requests deliberately wraps up low-level stuff like this. Normally, the only thing you want to do is to verify that the certs are valid. To do that, just pass
verify=True. If you want to use a non-standard cacert bundle, you can pass that too. For example:
resp = requests.get('https://example.com', verify=True, cert=['/path/to/my/ca.crt'])
requests is primarily a set of wrappers around other libraries, mostly
urllib3 and the stdlib's
http.client (or, for 2.x,
Sometimes, the answer is just to get at the lower-level objects (e.g.,
resp.raw is the
urllib3.response.HTTPResponse), but in many cases that's impossible.
And this is one of those cases. The only objects that ever see the certs are an
http.client.HTTPSConnection (or a
urllib3.connectionpool.VerifiedHTTPSConnection, but that's just a subclass of the former) and an
ssl.SSLSocket, and neither of those exist anymore by the time the request returns. (As the name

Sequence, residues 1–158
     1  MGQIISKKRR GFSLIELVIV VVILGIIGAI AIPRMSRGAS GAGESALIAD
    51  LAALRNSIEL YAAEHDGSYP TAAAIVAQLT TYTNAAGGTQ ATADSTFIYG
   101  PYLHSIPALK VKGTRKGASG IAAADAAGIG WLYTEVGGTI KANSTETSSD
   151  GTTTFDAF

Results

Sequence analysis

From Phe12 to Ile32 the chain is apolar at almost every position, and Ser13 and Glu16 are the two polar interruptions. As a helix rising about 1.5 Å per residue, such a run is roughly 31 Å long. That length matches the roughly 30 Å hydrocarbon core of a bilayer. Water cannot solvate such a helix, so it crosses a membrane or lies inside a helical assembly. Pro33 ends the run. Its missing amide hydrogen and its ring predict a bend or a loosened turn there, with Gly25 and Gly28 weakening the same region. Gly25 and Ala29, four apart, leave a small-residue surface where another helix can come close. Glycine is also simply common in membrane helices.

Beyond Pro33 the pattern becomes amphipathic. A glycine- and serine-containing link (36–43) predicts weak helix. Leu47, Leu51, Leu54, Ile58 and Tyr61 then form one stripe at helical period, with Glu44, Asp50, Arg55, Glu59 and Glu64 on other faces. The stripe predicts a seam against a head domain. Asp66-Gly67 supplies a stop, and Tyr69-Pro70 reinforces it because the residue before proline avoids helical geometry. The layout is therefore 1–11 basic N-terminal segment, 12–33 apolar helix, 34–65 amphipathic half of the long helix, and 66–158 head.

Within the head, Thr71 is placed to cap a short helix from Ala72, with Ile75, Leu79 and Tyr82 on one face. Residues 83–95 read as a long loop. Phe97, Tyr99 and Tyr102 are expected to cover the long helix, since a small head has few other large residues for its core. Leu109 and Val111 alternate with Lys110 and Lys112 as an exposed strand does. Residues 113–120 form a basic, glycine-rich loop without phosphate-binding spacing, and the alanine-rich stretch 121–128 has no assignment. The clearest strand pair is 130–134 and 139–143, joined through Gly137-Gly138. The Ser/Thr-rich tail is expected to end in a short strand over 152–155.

connectionpool implies, the
HTTPSConnection object is stored in a pool, and may be reused as soon as it's done; the
SSLSocket is a member of the
So, you need to patch things so you can copy the data up the chain. It may be as simple as this:
HTTPResponse = requests.packages.urllib3.response.HTTPResponse
orig_HTTPResponse__init__ = HTTPResponse.__init__
def new_HTTPResponse__init__(self, *args, **kwargs):
orig_HTTPResponse__init__(self, *args, **kwargs)
self.peercert = self._connection.sock.getpeercert()
HTTPResponse.__init__ = new_HTTPResponse__init__
HTTPAdapter = requests.adapters.HTTPAdapter
orig_HTTPAdapter_build_response = HTTPAdapter.build_response
def new_HTTPAdapter_build_response(self, request, resp):
response = orig_HTTPAdapter_build_response(self, request, resp)
response.peercert = resp.peercert
HTTPAdapter.build_response = new_HTTPAdapter_build_response
That's untested, so no guarantees; you may need to patch more than that.
Also, subclassing and overriding would probably be cleaner than monkeypatching (especially since
HTTPAdapter was designed to be subclassed).
Or, even better, forking
requests, modifying your fork, and (if you think this is legitimately useful) submitting pull requests upstream.
Anyway, now, from your code, you can do this:
Of course you may also want to pass along all the information necessary to verify the cert, but that's even easier, because it already passes through the top level.